(CNN) – “Majestic” images of a stellar nursery in the Orion Nebula captured by the James Webb Space Telescope reveal intricate details about star formation and planetary systems.
The images, published on Monday, shed light on an environment similar to that in our solar system when it formed more than 4.5 billion years ago. Observing the Orion Nebula will help astronomers better understand what happened during the Milky Way’s first million years of planetary evolution, astrophysicist Western Else Peters said in a press release.
“We are amazed by the wonderful images of the Orion Nebula,” Peters said. “We started this project in 2017, so we’ve been waiting over five years to get this data.”
“These new observations allow us to better understand how massive stars transform the cloud of gas and dust in which they were born,” Peters added.
The cores of stellar nurseries like the Orion Nebula are obscured by large amounts of stardust, making it impossible to study what goes on inside them with instruments like the Hubble Space Telescope, which relies primarily on visible light.
However, Webb detects infrared light from the universe, allowing observers to see these layers of dust, and detecting motion going on inside the Orion Nebula, according to the release. These are the most detailed and clear images ever of the nebula, located in the constellation Orion, 1,350 light-years from Earth, and the latest view from the Webb Telescope, which began operations in July.
“Observing the Orion Nebula has been challenging because it is too bright for Webb’s never-before-seen devices,” said research scientist Olivier Bernier at the French National Center for Scientific Research at CNRS, in a press release.
New images reveal many structures within the nebula, including the thrusters, a central protostar surrounded by a disk of dust and gas in which planets form.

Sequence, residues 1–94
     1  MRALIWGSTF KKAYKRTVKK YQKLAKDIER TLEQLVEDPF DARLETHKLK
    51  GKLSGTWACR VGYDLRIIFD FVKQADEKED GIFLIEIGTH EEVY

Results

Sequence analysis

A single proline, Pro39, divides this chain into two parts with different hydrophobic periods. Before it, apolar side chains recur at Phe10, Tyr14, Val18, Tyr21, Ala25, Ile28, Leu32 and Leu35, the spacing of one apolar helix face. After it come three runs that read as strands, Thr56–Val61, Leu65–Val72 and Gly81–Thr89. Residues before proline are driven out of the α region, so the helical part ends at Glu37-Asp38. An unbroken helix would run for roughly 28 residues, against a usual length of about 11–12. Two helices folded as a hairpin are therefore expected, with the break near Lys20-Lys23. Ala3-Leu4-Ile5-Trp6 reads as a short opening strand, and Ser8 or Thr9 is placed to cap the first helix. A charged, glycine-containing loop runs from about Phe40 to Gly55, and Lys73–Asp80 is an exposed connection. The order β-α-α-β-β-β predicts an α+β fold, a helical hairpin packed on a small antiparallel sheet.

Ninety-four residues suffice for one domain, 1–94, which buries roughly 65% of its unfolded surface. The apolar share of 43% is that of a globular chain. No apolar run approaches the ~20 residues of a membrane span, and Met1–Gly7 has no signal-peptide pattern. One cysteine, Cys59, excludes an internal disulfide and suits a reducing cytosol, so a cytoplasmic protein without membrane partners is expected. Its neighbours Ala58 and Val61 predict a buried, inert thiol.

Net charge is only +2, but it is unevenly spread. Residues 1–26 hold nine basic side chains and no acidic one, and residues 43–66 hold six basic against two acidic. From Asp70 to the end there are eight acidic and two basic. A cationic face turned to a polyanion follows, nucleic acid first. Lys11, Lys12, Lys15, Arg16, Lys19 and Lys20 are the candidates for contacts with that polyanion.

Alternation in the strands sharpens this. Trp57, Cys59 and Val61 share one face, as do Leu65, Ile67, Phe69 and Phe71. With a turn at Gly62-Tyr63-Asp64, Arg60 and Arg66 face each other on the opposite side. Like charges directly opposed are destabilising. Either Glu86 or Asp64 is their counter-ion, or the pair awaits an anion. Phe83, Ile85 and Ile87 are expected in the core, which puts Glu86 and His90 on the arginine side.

“We’ve never been able to get a look at the fine, subtle details of how interstellar matter forms in these environments, and learn how planetary systems might form in the presence of this harsh radiation. These images reveal the interstellar legacy in ‘planetary systems,'” says Emily. Habart, associate professor at the Astrophysical Institute Spatial in France.
Also evident at the heart of the Orion Nebula is a trapezoidal group of young, massive stars that make up the dust and gas cloud with their intense ultraviolet rays, according to the press release. Understanding how this radiation affects the cluster’s environment is key to understanding the formation of star systems.
“Massive young stars emit large amounts of ultraviolet radiation directly into the original cloud that still surrounds them, and this changes the cloud’s physical shape as well as its chemical composition. It is not yet known exactly how this works and how it affects star formation and subsequent planet formation,” Peters said.
The images will be studied by an international collaboration of more than 100 scientists from 18 countries known as PDRs4All.